For more on black and Asian women’s struggles see Race, Place and Nation, Equality and WorkFamily and Children and Who We Were, Who We Are.

Mia Morris talks about the campaigns OWAAD was involved with

Equal pay for work of equal value

Women’s Liberation Movement activists also supported workplace struggles, although these were usually led by working-class women in the trade unions. Women led strikes at the Ford plant in Dagenham, the Grunwick film-processing plant in Willesden and against working conditions for cleaners in Fulham and Belfast. Union recognition, equal pay and the gendered division of labour were at the heart of these disputes. The Trade Union Congress provides a useful introduction to this central stream of political action in Winning Equal Pay: The Value Of Women's Work. You can see an interview with Julie Hayward, who brought the first successful legal claim for equal pay for work of equal value in Equality and Work.

Sally Alexander on how she got involved with the Night Cleaners Campaign in the early 1970s

Women Against Pit Closures (WAPC)

This landmark campaigning group emerged in Barnsley in 1984, when a 5,000-strong group of miners’ wives and mothers rallied to protest against the Conservative government’s policy of closing mines and attempt to crush the powerful National Union of Mineworkers. By December the WAPC had gathered thousands of supporters in protests, conferences and symbolic demonstrations, including walking with eyes down past Margaret Thatcher’s residence. Committed women’s liberation activists across the country were supportive, particularly Jean McCrindle, whose voice you can hear in the British Library’s National Life Stories collection. However, as with black and Asian women’s campaigning, the WAPC forcibly balanced the different and sometimes competing interests of men and women in struggle, and there were many debates about the meaning of ‘feminism’ in this context.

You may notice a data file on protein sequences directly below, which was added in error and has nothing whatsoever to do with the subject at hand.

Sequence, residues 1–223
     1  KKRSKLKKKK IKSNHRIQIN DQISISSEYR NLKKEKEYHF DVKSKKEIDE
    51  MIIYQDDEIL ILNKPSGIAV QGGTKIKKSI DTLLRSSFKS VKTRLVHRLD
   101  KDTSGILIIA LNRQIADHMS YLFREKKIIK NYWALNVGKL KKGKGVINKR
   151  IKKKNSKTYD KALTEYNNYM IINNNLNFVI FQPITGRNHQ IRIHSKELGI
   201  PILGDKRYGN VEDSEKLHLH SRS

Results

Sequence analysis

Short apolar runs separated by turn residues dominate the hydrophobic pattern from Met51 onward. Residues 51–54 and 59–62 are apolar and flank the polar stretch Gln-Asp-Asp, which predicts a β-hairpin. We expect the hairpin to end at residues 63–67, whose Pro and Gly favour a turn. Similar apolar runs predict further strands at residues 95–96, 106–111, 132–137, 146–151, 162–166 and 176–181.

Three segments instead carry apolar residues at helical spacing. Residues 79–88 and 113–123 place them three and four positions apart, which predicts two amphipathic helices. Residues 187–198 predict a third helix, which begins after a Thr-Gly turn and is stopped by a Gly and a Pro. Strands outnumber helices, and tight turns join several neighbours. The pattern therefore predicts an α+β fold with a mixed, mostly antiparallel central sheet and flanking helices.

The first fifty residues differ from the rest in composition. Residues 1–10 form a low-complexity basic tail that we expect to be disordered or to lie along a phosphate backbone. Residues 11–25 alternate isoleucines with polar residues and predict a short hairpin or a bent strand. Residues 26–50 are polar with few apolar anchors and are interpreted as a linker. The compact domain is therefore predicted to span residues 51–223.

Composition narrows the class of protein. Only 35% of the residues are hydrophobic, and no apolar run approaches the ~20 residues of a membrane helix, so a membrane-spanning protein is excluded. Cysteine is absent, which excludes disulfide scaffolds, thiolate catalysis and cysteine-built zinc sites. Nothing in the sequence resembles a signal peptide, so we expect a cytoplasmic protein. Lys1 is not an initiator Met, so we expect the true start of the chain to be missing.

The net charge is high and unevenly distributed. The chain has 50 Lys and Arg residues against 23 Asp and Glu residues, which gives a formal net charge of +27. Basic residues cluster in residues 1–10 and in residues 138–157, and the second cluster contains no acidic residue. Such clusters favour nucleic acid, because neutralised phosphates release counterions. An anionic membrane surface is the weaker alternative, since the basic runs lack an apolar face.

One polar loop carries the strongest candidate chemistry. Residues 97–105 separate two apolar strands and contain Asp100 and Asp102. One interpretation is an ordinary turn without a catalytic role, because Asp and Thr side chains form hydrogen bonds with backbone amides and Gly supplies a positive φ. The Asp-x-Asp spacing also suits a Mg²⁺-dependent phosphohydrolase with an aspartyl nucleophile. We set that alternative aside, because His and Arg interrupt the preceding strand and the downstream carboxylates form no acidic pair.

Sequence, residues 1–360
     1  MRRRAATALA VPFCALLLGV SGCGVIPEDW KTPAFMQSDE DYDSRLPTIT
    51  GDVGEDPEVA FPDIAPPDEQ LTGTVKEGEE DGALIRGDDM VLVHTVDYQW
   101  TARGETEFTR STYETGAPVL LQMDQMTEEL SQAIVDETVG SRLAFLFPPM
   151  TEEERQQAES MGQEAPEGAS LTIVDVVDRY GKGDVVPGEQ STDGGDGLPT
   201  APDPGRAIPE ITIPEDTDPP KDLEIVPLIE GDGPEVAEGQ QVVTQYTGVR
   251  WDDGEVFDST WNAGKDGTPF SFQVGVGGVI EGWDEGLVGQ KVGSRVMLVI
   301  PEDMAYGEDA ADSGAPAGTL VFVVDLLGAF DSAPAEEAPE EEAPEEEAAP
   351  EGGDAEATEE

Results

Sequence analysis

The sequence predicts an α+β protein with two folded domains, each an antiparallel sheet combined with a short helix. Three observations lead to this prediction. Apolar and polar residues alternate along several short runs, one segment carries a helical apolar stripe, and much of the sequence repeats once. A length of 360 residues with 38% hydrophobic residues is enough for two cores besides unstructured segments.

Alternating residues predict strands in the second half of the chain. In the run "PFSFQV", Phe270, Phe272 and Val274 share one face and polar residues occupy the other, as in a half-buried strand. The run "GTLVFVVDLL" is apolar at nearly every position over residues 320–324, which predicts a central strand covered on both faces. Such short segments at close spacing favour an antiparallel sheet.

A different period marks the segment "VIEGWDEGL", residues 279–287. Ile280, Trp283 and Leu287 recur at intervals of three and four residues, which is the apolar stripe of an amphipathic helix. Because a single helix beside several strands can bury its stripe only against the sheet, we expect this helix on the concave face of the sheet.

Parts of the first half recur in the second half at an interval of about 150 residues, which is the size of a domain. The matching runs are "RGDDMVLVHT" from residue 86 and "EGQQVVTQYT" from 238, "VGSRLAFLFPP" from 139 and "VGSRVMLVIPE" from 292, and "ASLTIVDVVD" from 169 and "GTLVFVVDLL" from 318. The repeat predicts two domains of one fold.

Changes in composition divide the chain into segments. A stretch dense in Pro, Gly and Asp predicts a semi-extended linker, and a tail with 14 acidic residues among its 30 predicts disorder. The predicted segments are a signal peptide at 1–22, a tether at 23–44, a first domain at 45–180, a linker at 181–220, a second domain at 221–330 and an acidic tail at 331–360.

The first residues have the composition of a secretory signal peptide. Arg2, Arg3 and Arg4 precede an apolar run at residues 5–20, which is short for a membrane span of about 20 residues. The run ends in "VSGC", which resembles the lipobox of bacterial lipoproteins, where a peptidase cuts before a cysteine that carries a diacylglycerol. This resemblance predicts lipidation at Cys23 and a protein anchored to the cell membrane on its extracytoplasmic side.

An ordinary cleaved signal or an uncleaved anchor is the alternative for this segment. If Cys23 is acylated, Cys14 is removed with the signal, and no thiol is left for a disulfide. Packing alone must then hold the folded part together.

For more on equal pay and working-class women’s activism see Equality and Work.

Betty Cook talks about women's liberation activists and Women Against Pit Closures giving solidarity to each other

  • Sisterhood and After Research Team
  • This article was researched and written by the Sisterhood and After Research Team, who are experts in the history of contemporary feminism and narrative life methods. The team included Abi Barber, Dr Polly Russell, Dr Margaretta Jolly, Dr Rachel Cohen, Dr Freya Johnson-Ross and Dr Lucy Delap. Further information about the team and project is available in the About the project section.

The text in this article is available under the Creative Commons License.